We fully appreciate that this may well irritate anyone who voted for Brexit last year, but there is something rather splendid about the fact that it makes legal and economic sense for an Italian bassist to come to the UK for the manufacture of a signature instrument.
As the clock ticks down towards our departure from the EU, let’s enjoy the fruits of that union while we can. The backstory behind this and the other Retrovibe basses is that the brand, founded in 2010, continues as its own range but is now manufactured by Stephen Chown and his team - hence the rather lengthy title of the instrument. We’ll refer to it as the 504 for the purposes of this review, though.
For £480, you’re getting a lot of spec. Active and evidently influenced by the classic Stingray design, the 504 comes with a single robust humbucker, a slim neck and a total weight of only 3.8kg. Four bolts anchor the neck solidly enough, while the 24 frets are cleanly dressed, the maple fingerboard feels well-finished and the body is portable but solid.
Of course, an Indian-made bass at this price point doesn’t look or feel luxurious, but that’s not what we’re after. For this much outlay, what you want is a reliable, well-constructed instrument, ideally with zero flaws, that you can use as a backup or starter instrument without worrying too much about someone stepping on it backstage.
As you’re probably sick of us saying every month, in the current golden age of affordable basses we can expect a near-perfect instrument for around the £500 mark; if we’d been writing this 20 years ago (or God help us, 30 years ago) there would have been a strong chance of this bass being a bit of a plank. Fortunately, there’s not a thing wrong with the 504 that we can detect, although many of the parts inevitably feel standard.
Plug in and relax; this is a simple bass to play and enjoy. One volume, two EQ controls, no switches, no faffing about. Much as we genuinely love the £5000 barn-door instruments loaded with 800 microswitches that we review on a regular basis, sometimes it’s nice to settle down with a bass that doesn’t require three hours’ intensive study to operate.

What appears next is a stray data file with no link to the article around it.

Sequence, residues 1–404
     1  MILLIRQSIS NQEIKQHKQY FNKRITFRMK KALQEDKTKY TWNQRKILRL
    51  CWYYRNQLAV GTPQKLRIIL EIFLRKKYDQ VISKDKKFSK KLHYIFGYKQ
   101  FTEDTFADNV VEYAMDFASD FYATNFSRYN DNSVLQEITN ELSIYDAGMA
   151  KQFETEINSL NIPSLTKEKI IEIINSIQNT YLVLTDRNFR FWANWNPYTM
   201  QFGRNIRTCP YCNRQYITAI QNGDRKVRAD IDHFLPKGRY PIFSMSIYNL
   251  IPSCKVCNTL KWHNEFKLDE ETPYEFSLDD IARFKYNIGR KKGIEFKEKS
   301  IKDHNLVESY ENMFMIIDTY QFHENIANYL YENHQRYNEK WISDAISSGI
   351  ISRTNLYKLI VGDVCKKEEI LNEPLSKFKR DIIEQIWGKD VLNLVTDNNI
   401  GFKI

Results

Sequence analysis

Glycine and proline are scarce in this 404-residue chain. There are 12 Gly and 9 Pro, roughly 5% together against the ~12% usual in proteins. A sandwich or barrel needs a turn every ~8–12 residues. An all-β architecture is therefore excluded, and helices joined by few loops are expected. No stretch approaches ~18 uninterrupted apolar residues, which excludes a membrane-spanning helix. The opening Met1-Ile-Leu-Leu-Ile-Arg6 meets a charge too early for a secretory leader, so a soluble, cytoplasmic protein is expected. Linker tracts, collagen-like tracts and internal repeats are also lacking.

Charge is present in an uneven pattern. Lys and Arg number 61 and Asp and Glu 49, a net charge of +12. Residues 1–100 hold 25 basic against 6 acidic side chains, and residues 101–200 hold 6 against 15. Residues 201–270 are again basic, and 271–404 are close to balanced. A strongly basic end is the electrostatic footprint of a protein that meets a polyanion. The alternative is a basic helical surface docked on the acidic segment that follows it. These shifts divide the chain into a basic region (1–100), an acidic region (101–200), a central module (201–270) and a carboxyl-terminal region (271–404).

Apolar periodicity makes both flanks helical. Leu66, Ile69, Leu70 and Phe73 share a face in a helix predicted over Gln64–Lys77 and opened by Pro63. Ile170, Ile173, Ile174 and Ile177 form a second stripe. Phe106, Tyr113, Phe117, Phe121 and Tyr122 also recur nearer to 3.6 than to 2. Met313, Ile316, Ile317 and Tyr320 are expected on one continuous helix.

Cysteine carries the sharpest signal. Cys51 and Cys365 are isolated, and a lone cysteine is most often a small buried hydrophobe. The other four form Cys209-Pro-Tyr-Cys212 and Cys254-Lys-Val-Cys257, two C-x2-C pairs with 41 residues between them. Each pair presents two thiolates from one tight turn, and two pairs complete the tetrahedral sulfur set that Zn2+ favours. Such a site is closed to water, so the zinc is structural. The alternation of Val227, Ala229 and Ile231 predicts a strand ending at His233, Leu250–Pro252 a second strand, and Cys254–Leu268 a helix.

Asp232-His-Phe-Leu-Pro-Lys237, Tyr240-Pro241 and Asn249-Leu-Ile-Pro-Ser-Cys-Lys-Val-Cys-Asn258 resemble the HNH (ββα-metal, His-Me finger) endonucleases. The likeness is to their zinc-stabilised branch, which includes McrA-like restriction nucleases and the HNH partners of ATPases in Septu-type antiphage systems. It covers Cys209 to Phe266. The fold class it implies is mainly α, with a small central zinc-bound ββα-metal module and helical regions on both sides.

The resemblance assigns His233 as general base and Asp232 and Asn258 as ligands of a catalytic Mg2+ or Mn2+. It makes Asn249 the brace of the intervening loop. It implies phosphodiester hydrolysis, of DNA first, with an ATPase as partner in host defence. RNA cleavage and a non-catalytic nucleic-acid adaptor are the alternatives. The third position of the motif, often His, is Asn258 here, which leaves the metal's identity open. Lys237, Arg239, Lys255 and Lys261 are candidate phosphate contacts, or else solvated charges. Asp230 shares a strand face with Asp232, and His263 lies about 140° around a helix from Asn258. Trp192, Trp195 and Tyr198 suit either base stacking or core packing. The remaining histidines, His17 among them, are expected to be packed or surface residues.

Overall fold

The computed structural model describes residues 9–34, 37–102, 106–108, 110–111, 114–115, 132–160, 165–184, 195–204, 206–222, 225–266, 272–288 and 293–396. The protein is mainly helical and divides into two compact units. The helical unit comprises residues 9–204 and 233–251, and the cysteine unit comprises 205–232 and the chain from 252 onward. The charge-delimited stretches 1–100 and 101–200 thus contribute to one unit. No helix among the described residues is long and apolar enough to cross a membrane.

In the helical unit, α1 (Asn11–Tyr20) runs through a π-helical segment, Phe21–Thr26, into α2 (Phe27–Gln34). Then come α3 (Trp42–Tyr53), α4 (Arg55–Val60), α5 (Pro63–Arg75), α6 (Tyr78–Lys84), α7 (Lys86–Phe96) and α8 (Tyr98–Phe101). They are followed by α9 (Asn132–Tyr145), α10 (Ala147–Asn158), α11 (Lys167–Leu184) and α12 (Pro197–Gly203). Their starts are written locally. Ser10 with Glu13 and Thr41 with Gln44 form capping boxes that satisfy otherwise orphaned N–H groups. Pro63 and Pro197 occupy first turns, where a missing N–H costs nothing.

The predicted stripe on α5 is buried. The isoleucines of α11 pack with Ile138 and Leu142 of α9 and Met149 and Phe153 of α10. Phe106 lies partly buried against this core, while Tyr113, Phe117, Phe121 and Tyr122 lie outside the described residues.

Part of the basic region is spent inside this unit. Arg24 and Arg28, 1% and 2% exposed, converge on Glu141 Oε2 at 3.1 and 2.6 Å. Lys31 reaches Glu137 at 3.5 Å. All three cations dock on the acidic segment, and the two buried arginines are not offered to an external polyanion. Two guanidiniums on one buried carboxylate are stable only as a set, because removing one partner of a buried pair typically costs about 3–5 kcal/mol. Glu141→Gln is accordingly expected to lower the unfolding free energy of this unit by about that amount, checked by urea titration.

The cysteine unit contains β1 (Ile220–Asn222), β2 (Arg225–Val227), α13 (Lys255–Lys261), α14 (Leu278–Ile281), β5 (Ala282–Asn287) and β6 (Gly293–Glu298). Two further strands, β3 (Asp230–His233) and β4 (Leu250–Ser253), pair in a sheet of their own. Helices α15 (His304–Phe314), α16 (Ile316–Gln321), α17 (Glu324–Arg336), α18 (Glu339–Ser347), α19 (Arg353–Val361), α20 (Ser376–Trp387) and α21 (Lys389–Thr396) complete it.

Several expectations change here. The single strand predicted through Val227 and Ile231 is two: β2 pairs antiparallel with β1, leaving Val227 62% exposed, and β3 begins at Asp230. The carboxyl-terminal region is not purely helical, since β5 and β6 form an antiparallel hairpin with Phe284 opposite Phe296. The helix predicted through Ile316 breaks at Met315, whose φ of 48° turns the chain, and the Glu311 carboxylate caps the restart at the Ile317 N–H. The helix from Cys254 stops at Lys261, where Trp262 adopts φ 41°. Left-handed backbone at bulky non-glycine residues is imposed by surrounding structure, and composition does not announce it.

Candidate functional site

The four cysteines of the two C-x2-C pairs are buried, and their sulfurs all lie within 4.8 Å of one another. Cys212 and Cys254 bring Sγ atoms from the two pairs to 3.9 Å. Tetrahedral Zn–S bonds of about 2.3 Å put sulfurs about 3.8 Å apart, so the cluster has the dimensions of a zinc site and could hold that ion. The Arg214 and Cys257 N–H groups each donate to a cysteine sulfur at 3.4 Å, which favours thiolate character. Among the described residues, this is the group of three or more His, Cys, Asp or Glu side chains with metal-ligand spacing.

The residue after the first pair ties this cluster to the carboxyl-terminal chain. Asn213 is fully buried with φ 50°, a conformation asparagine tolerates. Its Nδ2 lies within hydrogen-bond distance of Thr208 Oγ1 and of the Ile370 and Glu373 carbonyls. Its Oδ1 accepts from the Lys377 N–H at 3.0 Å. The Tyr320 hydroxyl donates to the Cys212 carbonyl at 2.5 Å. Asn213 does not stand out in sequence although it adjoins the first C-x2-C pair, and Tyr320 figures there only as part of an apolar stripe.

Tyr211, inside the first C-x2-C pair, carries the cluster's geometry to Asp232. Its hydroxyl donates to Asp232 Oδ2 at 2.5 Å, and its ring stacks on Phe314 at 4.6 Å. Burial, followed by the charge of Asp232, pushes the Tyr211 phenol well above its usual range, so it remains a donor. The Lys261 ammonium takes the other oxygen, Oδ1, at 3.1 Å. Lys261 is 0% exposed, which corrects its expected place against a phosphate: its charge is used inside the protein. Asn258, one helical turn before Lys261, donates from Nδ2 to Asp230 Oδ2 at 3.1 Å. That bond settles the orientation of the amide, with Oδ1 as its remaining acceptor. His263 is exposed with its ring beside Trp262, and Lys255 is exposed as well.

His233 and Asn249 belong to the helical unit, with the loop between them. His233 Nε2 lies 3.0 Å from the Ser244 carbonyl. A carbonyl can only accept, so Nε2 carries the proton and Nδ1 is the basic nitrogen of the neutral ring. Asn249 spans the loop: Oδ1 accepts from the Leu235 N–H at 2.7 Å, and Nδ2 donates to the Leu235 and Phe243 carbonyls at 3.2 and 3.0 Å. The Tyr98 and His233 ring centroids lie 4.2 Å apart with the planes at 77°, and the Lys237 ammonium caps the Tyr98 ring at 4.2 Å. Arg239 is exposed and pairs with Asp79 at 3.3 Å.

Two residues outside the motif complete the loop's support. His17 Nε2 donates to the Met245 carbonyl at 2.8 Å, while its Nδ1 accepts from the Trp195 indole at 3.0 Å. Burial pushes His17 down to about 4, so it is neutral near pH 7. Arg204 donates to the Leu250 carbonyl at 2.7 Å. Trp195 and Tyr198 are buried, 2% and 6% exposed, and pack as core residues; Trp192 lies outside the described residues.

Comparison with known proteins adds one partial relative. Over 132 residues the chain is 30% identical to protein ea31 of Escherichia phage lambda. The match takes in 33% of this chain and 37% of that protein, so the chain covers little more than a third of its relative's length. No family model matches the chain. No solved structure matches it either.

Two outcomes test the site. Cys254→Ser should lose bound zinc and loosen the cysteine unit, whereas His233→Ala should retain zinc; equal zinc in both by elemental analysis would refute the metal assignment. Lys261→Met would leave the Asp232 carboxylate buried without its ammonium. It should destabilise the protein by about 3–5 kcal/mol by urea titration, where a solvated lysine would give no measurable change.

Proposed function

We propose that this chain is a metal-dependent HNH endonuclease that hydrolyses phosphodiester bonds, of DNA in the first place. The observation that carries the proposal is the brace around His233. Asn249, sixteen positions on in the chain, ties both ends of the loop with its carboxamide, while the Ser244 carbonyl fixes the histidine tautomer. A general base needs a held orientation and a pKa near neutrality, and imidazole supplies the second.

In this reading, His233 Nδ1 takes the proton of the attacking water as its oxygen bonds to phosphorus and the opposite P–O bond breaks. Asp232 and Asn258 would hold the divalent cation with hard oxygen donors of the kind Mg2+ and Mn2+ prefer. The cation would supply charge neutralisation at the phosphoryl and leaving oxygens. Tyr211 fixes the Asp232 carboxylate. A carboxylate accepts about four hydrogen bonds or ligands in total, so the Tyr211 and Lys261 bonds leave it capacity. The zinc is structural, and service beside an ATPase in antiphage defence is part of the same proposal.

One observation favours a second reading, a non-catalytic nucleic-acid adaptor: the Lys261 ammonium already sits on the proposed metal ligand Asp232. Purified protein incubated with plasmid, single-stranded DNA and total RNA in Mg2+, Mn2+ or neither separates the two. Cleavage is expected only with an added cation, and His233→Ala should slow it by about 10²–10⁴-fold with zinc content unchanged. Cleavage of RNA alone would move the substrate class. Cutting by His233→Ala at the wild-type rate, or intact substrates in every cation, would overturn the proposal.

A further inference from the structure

There are no helpful detentes on the controls, but as Ronnie Scott said, you can’t have everything - where would you put it? - so you’ll have to figure out the flat tone yourself. Once you’ve found it, you’ll be chuffed with the 504’s chunky, hollow, woody tone that makes you feel as if there’s loads of potential.
The instrument doesn’t have a mid boost, obviously, so you’ll need to dig in hard if you find your sound obscured in your band; keep a thick pick handy. Roll on the top end and there’s a crispy, zippy sound waiting for you; at the other end, a warm dose of bass will thicken up the tone nicely.
The 504’s secret weapon is its neck, a super-playable feature that lovers of narrow nut-widths will relish. It’s only 38mm here, allowing you to hammer-on those blues-box fills like a master or mistress of legato and throw the horns to the crowd with your picking hand, should you so desire. Bassists of the slap persuasion may prefer a wider string spacing and should therefore be warned, but if you like your bass necks compact, try the 504 at all costs.
The (deep breath) Retrovibe EVO Davie504 Signature Bass by Chowny hits exactly the right balance. It’s a classic template, made affordably, that plays effortlessly - and it won’t break anybody’s bank. The 504 may be affordable, but any bass which makes you feel like a better player than you actually are is priceless, if you ask me.